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The Cytokine Response to Sepsis: IL-6 and LBP

IL-6 and lipopolysaccharide binding protein (LBP) are cytokines (cellular messengers) that are upregulated in the acute phase response to infection and/or inflammation.


Interleukin 6 (IL-6) is a cytokine with both pro- and anti-inflammatory characteristics.

  • Serum levels rise quickly with the onset of SIRS and sepsis1
  • Levels can provide information for risk stratification and prognosis with regard to severity2,3
  • Rising levels correspond with increasing APACHE II scores (an in indicator of illness severity)4
  • Fatal severe sepsis is associated with an early rise in IL-6 to 1000 ng/mL or more4
  • High levels of IL-6 have shown to be predictive of later development of severe sepsis at the onset of hospital-acquired pneumonia and after surgery5,6
  • Rising levels can predict development of kidney injury during severe sepsis7

 

IL-6 may be of particular value in neonatology and pediatrics:

  • In healthy infants, adult levels are present at birth and remain stable
  • In infants at risk for late-onset neonatal sepsis, IL-6 has been shown to rise up to 48 hours before bacterial sepsis becomes clinically apparent8
  • Increased levels at hospital admission are predictive of septic shock in children9
  • Increased levels at hospital admission are predictive of septic shock and death in pediatric burn patients10

 

Lipopolysaccharide-binding protein (LBP) recognizes the endotoxin component of the gram-negative bacterial membranes. It also recognizes similar lipid structures found in the membrane of gram-positive bacteria and the walls of pathogenic fungi.11

  • LBP is present constitutively at low levels
  • LBP rises within 24 hours of systemic bacterial or fungal infection11,12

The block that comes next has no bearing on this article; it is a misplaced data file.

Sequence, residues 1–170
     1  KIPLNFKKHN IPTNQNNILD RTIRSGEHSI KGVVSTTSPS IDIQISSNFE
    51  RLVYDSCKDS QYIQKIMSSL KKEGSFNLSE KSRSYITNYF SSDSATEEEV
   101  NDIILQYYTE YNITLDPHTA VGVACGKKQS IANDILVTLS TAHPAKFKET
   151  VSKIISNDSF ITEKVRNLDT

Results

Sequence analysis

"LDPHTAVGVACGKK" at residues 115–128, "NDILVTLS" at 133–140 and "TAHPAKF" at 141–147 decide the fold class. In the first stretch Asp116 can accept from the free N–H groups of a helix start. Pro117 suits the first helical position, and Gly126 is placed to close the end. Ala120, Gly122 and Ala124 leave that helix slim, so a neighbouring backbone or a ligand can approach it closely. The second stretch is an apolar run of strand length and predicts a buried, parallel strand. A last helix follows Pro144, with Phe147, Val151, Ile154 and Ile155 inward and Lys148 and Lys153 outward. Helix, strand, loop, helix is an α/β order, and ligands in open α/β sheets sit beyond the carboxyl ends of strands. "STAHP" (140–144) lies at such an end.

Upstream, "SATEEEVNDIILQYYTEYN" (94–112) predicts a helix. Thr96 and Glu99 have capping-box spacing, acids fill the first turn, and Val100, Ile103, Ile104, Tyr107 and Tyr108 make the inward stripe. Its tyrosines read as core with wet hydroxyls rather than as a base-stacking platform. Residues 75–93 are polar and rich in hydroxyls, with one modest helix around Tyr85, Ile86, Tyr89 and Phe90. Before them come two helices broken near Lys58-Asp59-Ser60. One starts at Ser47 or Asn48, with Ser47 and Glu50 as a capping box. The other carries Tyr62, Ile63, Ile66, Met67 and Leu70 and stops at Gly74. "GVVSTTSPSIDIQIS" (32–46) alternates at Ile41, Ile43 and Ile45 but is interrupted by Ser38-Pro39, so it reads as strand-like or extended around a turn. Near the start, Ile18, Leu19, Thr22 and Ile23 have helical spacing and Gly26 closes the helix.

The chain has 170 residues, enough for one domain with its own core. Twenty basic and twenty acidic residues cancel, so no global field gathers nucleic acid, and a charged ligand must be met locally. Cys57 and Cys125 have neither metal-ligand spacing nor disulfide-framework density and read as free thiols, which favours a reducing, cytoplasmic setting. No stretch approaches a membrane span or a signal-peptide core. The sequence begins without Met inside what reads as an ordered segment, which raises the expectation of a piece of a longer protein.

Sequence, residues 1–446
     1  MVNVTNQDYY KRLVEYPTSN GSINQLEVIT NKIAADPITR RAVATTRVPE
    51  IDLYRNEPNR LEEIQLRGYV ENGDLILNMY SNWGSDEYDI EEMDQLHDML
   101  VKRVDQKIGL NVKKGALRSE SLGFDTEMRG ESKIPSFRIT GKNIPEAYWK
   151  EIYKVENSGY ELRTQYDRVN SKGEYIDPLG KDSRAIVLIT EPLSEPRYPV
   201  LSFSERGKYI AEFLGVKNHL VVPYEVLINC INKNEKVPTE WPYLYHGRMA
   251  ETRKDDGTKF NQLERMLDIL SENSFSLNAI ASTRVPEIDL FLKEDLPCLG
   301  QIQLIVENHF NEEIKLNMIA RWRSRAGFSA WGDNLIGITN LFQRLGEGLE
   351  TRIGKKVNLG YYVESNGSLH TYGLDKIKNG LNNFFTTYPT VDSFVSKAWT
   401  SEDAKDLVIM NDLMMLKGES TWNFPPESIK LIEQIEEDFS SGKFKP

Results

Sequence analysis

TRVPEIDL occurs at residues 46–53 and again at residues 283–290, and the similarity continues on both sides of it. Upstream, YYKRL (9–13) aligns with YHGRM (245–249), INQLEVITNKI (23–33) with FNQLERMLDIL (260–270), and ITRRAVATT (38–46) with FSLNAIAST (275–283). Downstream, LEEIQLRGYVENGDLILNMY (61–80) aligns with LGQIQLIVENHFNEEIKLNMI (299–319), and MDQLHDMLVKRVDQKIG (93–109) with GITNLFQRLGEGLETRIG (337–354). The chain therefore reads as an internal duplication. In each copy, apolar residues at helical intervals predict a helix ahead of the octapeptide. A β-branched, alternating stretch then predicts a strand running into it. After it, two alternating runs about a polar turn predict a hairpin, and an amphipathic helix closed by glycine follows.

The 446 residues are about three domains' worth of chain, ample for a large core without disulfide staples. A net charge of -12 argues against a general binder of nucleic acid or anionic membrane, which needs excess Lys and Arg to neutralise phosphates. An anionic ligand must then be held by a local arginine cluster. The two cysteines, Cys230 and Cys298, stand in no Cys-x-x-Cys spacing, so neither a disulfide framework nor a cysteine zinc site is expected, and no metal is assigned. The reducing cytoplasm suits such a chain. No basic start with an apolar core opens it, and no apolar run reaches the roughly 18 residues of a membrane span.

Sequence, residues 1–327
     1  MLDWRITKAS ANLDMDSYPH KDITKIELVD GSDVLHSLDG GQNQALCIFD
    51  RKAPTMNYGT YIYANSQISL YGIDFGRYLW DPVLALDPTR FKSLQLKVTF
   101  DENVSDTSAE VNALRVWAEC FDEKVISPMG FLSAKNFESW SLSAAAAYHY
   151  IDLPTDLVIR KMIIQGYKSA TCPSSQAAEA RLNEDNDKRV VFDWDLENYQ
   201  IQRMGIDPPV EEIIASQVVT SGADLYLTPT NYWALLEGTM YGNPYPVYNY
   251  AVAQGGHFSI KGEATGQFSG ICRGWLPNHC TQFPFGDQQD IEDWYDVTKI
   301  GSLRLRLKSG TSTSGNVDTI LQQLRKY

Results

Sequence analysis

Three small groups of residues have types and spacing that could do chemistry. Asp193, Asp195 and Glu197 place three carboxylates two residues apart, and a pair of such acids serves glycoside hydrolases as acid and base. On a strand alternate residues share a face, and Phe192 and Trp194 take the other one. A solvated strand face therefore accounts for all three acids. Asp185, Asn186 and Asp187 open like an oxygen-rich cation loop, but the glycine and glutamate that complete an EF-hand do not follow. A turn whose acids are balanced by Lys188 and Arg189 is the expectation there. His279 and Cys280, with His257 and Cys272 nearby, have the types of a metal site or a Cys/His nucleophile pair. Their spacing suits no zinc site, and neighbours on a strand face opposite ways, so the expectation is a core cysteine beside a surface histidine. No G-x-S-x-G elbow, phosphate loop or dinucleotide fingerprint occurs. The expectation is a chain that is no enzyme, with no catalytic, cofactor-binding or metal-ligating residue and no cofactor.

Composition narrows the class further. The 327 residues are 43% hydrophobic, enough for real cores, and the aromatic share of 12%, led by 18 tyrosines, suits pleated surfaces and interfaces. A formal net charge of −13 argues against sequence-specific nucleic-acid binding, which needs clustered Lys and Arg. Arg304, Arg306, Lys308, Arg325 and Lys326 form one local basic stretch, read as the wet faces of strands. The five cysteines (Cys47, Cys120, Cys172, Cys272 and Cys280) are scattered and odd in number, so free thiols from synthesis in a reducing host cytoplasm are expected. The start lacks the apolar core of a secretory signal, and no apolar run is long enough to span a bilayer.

• LBP can differentiate between bacterial and viral pathogenic sources of sepsis11,12
  • LBP can help differentiate between bacterial pneumonia and nonbacterial acute bronchitis13

 

LBP is a valuable tool in pediatrics

  • LBP rises in invasive bacterial infection in children14
  • Elevated LBP indicate bacterial infection in neonates ≥ 28 weeks gestation15
  • LBP may be the best differentiator between SIRS and early-onset sepsis in neonates <48 hrs old16

 

IL-6 and LBP: Infection, inflammation and sepsis1.04MB
 

References
1. Woiciechowsky C, et al. J Trauma 2002; 52: 339-45.
2. Van Griensven M. Trauma und Infection. II Internationales Symposium: Sepsis, SIRS, Immunantwort. Diagnostik und Therapeutische Ansattze (Abstractband) 2002:24.
3. Wakefield CH, et al. Brit J Surg 1998; 85: 818-825.
4. Kinasewitz GT, et al. Crit Care 2004;8(2):R82.
5. Von Dossow V, et al. Crit Care 2005;9(6):R662.
6. Mokart D, et al. Brit J Anaes 2005;94:767-73.
7. Chawla LS, et al. Clin J Am Soc Nephrol 2007;2:22.
8. Küster H, et al. Lancet 1998;352:1271-77.
9. Fioretto JR, et al. Cytokine 2008; 43:160-164.
10. Finnerty CC, et al. Shock 2007; 27:4-9.
11. Blairon L, et al. J Infect Dis 2003;187:287-91.
12. Kaden J, et al. Transplantationsmedizin 2001; 13: 52-9.
13. Hopstaken RM, et al. Prim Care Resp J 2009;18:in press.
14. Ubenauf KM, et al. Ped Inf Dis J 2007;26:159-62.
15. Behrendt D, et al. Arch Dis Child Fetal Neonatal Ed 2004;89:F551-4.
16. Pavcnik-Arnol M, et al. Int Care Med 2004;30:1454-60.
 

 

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